KERRY O'BRIEN: You say there will have to be a political settlement with the stolen generations, but the PM says that it's already settled the case, the Government has already settled the case with a $63 million package. What more do you want to see?

MALCOLM FRASER: Well, I think I want to see a good deal more, and if there is to be a real reconciliation there needs to be a recognition by Australia of injustices done.

Canada has made massive strides in the last 10 or 15 years.

I think we used to be ahead of Canada in handling these problems, but they now have gone far ahead in establishing agreements, they've made their apology, they established a healing fund of $350 million and they had, I think, 1.3, 1.4 million indigenous people.

In Canada they are prepared to use terms like "self-determination", "self-government" and Canada does not feel any the less of a nation as a consequence.

KERRY O'BRIEN: Without the fear of a separate nation, without the fear of some people claiming that it's akin to another form of apartheid.

MALCOLM FRASER: In Canada, nobody believes that the country is being broken up, nobody believes that the country is any the less one country as a consequence of it.

KERRY O'BRIEN: Mr Howard says the Parliament has passed an expression of regret, that he has made a personal -- that he has expressed his own personal sorrow for the past, but he says that he won't make a formal apology for the sins of our fathers, for the sins of past generations, and many Australians would agree with him.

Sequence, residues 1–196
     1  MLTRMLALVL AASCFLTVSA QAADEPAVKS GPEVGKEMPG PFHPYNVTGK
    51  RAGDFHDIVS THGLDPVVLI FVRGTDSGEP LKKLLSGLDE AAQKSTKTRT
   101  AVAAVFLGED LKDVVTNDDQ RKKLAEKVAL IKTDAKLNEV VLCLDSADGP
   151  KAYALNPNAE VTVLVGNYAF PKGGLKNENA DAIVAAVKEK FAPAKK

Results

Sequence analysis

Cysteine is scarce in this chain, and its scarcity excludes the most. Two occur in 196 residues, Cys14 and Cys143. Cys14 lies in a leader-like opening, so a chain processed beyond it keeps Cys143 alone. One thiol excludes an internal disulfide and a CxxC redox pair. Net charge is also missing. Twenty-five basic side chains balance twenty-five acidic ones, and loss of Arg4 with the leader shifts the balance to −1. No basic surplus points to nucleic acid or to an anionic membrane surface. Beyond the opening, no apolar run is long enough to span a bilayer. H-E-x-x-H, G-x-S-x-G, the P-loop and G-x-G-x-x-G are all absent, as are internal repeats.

MALCOLM FRASER: Well, they would because the Government has put it around that if there is an official apology it means today's Australians are guilty for the things that happened in the 1800s, in the early parts of the 1900s. But it doesn't mean that. Canadians don't feel guilty.

New Zealanders don't feel guilty when an expression of apology is made. All of the States have apologised. Many of the churches have apologised in Australia. Now, because the Premier of Victoria apologised does that make Victorians guilty?

You know, it's a nonsense.

It's an attitude of mind, it's an incapacity to understand the reality of what happened and, as I understand Aboriginal leaders -- and I'm sure in many ways my understanding is very imperfect -- a large part of healing, matters of the spirit, matters of the heart involves a recognition by the highest authorities in Australia that there were some terrible things done and we wish with all our heart, with all our strength that they had not been done and that an official apology on the part of the nation.

I know the Parliament passed a resolution, but, clearly, in terms of other things that have happened, that's not regarded as adequate. KERRY O'BRIEN: All your public life, you've believed that our system of law derived from Britain was perfectly adequate in protecting individual human rights, but in this speech you're now calling for an Australian bill of rights.

That's a big step.


MALCOLM FRASER: I'm saying it should be revisited.

KERRY O'BRIEN: So why a bill of rights?

MALCOLM FRASER: Well, these people were not protected by the common law system. It failed them, so that's one point, one reason.

And also I believe that, in this day and age where racism, ethnic rivalries, religious rivalries continue, they occur in many different parts of the world, and with my responsibilities with CARE Australia and with CARE International, we work in many of the places where the most terrible consequences of racism still exist, whether it's in Africa, whether it's in the Balkans or whether it's in East Timor -- it's racism in its rawest form.

We like to think that Australia is apart from all of this. We like to think that Australia is above all of this and better than all of this.

KERRY O'BRIEN: What would you want a bill of rights to enshrine?